A CDR3 sequence analysis at the TCR-Vγ and TCR-Vδ loci of DNA isolated from the same lymph nodes revealed that in each patient, >75% of the cells expressed the TCR-Vγ8 chain (Figure 1D), and almost as many (>75% and >50% of the cells for Pt. 1 and Pt. 2, respectively) also expressed the TCR-Vδ1 chain (Figure 1E). This suggests that the vast majority of cells in the patients’ enlarged lymph nodes expressed the TCR-Vγ8Vδ1 chain combination. Analysis of the CDR3 amino acid sequence length evidenced polyclonal T-cell expansion in these lymph nodes (Figure 1F). A network analysis of sequence similarities revealed striking oligoclonal Vγ8 chain usage in both patients (Figure 1I-J), whereas the Vδ1 CDR3 sequence was polyclonal (Figure 1G-H). This common TCR-V chain usage pattern was not because of the expansion of cells bearing TCRs with common CDR3 sequences in both patients, because the most abundant γδTCR sequences were dissimilar (supplemental Tables 1-4). The oligoclonal TCR repertoire detected in both patients’ lymph nodes does not rule out the possibility whereby a common infectious agent gave rise to differences in the γδ T cells’ CDR3 sequences. For example, it has been shown that a single agent presented by butyrophilin BTN3A117 was responsible for the oligoclonal expansion of Vγ9Vδ2 T cells. Nevertheless, it has been reported that intrauterine cytomegalovirus infections are associated with the enrichment of specific CDR3 sequences for Vγ8 and Vδ1.25 Furthermore, the expansion of Vδ1 T cells with restricted CDR3 sequences has been observed in systemic sclerosis,26 multiple sclerosis,27 HIV,28 and the small intestine and colon of healthy patients.29 All these CDR3 sequences were underrepresented in the TCR repertoire from our patients’ lymph nodes (supplemental Table 5). Furthermore, the 2 patients differed with regard to the most common Vδ1 sequences. The differences in the γδ CDR3 sequences between our 2 patients and the differences with regard to previously reported cases make it difficult to draw firm conclusions. The observed oligoclonal expansion suggests that FAS is essential in controlling non-Vδ2 T-cell expansion.
Repeated courses of oral prednisolone in Pt. 1 did not induce the long-term remission of cytopenia (supplemental Figure 5A). Oral rapamycin was initiated at the age of 23 months at a loading dose of 2 mg/m2, then reduced to 1 mg/m2, aiming for plasma levels of 2 to 10 ng/mL, reaching plasma levels of 2.5 to 12.3 ng/mL (initially measured weekly, then every 2-3 weeks, while the patient was receiving low-dose oral prednisolone) but had a limited effect. At 27 months, Pt. 1 (who was still on rapamycin) was given a 3-day course of high-dose IV methylprednisolone (10 mg/kg per day). Oral prednisolone was tapered off in the following 2 months. These interventions finally resulted in a reduction in spleen size and a return to normal hemoglobin levels (supplemental Figure 5A). The patient (now 3 years old) is still receiving rapamycin. He has mild splenomegaly and no lymphadenopathy. Pt. 2 is now 17 years old. She has been successfully treated with pyrimethamine since the age of 5 years (supplemental Figure 5B).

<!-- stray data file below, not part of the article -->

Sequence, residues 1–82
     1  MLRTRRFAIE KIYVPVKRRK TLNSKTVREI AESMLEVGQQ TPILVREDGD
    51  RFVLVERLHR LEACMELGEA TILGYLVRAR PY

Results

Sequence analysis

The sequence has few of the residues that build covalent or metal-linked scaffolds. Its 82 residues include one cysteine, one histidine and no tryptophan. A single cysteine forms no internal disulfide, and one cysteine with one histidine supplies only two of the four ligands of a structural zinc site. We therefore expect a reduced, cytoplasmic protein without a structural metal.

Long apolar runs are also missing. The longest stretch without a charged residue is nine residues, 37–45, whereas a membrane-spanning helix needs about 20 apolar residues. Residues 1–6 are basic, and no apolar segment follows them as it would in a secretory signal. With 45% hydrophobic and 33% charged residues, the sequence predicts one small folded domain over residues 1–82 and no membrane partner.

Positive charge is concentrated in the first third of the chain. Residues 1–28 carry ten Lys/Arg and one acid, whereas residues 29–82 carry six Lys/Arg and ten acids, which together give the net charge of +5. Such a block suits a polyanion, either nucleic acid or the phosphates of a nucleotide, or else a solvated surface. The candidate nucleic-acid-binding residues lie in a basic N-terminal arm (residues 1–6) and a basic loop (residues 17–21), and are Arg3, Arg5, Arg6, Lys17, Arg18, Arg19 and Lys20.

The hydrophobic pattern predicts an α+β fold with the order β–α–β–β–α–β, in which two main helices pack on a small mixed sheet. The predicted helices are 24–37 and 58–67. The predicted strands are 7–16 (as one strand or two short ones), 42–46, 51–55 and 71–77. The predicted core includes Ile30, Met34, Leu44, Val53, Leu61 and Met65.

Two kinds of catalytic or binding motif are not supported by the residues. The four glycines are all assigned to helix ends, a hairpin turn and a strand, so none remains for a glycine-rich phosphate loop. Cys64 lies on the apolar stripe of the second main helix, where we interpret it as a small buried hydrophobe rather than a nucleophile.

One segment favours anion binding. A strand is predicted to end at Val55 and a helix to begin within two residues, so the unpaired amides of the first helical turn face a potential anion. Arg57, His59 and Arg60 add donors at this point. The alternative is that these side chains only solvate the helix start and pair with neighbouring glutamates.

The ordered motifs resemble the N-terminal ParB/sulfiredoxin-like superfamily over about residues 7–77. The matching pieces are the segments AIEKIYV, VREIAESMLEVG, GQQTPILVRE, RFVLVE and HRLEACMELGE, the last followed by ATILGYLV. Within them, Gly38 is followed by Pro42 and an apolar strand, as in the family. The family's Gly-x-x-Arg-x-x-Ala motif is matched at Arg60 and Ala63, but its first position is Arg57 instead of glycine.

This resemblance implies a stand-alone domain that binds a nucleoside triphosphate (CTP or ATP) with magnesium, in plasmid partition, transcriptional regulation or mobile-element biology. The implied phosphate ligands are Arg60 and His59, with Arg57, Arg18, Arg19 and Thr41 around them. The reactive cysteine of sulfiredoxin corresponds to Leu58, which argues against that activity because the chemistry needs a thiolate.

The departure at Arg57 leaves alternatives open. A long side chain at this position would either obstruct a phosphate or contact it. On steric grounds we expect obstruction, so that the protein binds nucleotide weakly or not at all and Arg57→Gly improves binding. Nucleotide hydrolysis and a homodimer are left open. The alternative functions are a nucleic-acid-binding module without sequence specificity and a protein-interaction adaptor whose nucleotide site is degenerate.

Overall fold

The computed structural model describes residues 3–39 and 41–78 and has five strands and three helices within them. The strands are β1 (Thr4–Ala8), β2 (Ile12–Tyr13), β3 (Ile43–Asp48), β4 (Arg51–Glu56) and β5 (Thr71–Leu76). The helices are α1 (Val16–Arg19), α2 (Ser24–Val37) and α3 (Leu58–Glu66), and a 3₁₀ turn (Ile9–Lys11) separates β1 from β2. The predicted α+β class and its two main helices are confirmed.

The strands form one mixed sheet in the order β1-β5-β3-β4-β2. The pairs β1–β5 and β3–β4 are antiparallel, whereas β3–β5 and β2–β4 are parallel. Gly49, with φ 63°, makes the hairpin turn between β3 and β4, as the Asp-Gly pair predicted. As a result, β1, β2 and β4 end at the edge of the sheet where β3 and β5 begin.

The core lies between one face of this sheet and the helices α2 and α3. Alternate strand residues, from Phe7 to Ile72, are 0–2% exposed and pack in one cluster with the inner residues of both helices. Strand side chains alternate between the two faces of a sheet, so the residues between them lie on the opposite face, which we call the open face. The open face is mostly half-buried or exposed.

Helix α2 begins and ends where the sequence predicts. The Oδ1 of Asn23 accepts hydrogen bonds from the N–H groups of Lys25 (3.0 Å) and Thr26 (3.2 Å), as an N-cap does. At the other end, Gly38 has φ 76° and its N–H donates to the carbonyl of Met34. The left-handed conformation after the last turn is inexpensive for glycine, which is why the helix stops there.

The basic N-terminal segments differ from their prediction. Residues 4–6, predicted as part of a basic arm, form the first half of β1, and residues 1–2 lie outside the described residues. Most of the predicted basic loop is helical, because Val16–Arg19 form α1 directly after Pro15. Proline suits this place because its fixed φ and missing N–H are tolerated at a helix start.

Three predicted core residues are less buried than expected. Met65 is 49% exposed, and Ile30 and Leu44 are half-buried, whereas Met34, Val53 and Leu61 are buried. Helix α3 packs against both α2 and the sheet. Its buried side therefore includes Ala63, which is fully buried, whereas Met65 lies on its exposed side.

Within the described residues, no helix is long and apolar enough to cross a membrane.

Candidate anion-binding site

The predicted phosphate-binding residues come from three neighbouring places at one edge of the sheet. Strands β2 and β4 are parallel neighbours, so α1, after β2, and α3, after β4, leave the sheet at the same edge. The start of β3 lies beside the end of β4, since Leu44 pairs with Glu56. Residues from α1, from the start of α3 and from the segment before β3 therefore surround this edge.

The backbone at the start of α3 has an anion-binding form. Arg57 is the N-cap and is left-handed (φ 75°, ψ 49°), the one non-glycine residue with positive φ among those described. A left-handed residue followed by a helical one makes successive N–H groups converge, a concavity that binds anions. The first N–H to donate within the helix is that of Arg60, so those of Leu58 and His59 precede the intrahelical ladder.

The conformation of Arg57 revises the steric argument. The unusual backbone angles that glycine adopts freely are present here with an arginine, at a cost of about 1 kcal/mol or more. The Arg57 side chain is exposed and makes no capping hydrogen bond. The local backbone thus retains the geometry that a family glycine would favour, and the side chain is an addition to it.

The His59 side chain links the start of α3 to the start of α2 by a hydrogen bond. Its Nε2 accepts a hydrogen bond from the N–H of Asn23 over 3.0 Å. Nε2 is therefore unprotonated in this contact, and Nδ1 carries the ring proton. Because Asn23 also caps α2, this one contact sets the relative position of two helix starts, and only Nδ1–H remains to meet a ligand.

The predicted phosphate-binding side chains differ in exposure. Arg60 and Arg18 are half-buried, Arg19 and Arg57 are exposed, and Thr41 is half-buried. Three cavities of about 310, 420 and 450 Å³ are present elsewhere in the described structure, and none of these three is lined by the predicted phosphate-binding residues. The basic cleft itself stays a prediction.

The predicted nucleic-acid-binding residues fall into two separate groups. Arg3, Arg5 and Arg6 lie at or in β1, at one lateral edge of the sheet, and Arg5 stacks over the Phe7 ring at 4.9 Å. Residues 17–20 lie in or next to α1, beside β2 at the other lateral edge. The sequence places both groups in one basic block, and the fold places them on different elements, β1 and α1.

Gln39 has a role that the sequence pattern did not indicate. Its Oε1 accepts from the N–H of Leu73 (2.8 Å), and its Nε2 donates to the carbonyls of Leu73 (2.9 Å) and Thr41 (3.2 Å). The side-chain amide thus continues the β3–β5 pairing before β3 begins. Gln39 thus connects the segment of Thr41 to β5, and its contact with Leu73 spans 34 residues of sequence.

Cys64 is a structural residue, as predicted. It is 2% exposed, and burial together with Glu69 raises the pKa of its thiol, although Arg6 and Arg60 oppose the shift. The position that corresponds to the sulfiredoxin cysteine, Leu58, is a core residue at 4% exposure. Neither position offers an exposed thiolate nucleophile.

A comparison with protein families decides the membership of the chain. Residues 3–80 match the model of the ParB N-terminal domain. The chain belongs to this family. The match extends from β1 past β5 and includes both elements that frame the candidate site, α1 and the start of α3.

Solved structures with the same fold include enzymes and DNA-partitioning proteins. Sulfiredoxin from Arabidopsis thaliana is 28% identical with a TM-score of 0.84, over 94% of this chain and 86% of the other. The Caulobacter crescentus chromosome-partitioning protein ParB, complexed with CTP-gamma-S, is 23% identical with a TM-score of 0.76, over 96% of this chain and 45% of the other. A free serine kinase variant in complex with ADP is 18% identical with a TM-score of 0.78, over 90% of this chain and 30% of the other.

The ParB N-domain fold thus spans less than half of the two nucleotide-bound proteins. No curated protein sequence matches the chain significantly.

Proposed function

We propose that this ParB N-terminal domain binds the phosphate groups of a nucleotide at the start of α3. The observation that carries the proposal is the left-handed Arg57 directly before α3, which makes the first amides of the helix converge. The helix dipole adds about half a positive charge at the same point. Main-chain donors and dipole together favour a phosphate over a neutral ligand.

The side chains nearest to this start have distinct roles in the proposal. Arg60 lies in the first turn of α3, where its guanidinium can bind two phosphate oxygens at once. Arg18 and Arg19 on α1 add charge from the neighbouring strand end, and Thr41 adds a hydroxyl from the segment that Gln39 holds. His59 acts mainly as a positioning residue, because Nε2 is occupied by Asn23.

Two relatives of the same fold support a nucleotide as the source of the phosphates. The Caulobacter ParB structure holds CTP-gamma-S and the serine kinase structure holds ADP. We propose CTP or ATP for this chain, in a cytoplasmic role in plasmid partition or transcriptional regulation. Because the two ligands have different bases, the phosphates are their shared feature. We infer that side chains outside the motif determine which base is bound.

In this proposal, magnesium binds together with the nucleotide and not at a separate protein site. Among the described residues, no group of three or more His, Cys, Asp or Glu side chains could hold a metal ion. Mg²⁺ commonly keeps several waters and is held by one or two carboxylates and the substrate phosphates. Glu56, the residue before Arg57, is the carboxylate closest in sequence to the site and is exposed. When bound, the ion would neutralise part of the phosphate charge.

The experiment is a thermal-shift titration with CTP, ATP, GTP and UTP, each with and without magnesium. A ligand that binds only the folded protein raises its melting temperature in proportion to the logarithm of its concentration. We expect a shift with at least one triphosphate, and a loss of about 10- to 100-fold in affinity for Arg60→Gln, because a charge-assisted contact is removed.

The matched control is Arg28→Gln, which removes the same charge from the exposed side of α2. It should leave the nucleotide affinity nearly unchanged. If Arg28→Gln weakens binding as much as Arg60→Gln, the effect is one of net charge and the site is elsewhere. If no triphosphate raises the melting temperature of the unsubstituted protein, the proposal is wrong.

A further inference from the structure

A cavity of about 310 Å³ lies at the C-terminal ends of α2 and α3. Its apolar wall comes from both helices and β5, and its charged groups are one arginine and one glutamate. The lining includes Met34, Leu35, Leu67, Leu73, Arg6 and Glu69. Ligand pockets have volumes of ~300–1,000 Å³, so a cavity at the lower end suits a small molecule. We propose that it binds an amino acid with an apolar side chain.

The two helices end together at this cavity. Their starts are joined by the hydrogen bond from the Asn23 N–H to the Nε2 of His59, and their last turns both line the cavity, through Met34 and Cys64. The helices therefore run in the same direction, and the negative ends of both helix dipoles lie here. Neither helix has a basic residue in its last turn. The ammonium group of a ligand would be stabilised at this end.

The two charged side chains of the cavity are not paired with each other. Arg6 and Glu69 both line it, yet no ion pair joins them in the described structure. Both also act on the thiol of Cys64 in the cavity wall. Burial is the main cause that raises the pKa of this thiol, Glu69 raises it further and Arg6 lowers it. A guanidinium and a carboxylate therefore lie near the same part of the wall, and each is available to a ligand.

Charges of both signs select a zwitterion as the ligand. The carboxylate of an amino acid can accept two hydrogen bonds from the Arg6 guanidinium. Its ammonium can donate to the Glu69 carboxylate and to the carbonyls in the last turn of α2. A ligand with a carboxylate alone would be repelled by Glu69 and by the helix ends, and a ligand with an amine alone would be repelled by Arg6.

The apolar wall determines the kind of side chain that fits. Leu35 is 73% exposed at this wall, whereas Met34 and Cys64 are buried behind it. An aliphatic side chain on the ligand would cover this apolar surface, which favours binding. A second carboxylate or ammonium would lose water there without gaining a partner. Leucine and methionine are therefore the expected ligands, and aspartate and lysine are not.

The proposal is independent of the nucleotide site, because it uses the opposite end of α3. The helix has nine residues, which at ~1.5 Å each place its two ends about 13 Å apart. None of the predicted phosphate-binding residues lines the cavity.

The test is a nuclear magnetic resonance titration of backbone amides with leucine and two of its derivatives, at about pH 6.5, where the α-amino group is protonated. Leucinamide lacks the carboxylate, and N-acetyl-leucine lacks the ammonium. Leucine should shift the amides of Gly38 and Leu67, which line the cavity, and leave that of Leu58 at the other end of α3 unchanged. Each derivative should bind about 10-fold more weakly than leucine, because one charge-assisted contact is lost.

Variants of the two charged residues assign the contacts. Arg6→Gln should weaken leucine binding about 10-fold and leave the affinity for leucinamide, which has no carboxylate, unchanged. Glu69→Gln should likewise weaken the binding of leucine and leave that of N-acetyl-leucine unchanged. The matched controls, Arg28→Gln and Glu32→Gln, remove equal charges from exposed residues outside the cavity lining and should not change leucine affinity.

Based on these therapeutic outcomes, we designed a series of in vitro experiments to investigate (1) the role of FASL-mediated apoptosis on Vδ1 T cells and (2) the ability of rapamycin and pyrimethamine to induce death in Vδ1 T cells. These cells were found to express levels of FAS comparable to αβ T cells following phytohaemagglutinin (PHA) stimulation (Figure 2A). Incubation of the cell lines with increasing amounts of soluble FASL (sFASL) showed that Vδ1 and αβ T cells were equally sensitive to FAS-mediated apoptosis (Figure 2B-C). Pyrimethamine and rapamycin were also effective at inducing apoptosis, although rapamycin was more effective than pyrimethamine at lower concentrations, and Vδ1 cells were less sensitive than αβ T cells to both drugs (Figure 2B-C). In the same in vitro assay, Vδ1 T cells were found to be more resistant to the steroid methylprednisolone (Figure 2B).
Our findings show that lymphadenopathy in ALPS-FAS patients can be driven by the expansion of TCR Vγ8Vδ1 T lymphocytes. Our study is the first to demonstrate that Vδ1 T cells are sensitive to activation- induced cell death via FAS/FASL interaction. The biological relevance of these findings is evidenced by the report of 2 unrelated patients, each with a different germ line heterozygous FAS mutation, suffering from refractory ALPS with massive infiltration of γδT cells in secondary lymphoid organs. Remarkably, both patients underwent a special treatment program to induce remission from anemia and organomegaly. Thus, treatment failure, especially with regard to organomegaly in patients with ALPS should prompt clinicians to look for Vδ1 T cell proliferation.
The full-text version of this article contains a data supplement.
The authors thank Elaine Sarkin Jaffe and Stefania Pittaluga (National Institutes of Health, Bethesda, MD) for advice on the histopathological diagnosis. The authors also thank the patients and their families for their cooperation.
This work was supported by a grant from the Heidi-Ras Foundation (Zurich, Switzerland) and a grant from the Emily Dorothy Lagemann Foundation (Zurich, Switzerland) (S.V. and J.P.S.), a grant from the Müller-Gierok Foundation (Zurich, Switzerland) (A.M.), a Forschungskredit grant from the University of Zurich (Zurich, Switzerland) (U.N. and J.P.S.), and a grant from the Swiss Hochspezialisierte Medizin Schwerpunkt Immunologie program (B.V. and J.P.S.).
Contribution: S.V. and J.P.S., conceived the research and wrote the manuscript with comments from all authors; S.V. performed the research; J.P.S. directed the laboratory work and clinical work for Pt. 1; F.R.-L. and B.N. actively contributed to drafting the manuscript; J.D.G. analyzed TCR sequencing data; J.T. and S.P. assisted with clinical work; A.v.d.B. supervised laboratory work on Pt. 2; R.Y.J.T. performed clinical work for Pt. 2; A.M.-C., O.P., U.N., A.M., B.V., O.S., B.R., U.C.G., D.R.Z., R.M., A.D., and L.V. contributed to research; L.S., L.O., and B.R. carried out sequencing and analyzed the results; and E.M.M. and E.H. performed all the histological assessments.
Conflict-of-interest disclosure: The authors declare no competing financial interests.
Correspondence: Stefano Vavassori, University Children’s Hospital Zurich, August-Forel Str 7, 8008 Zurich, Switzerland; e-mail: firstname.lastname@example.org.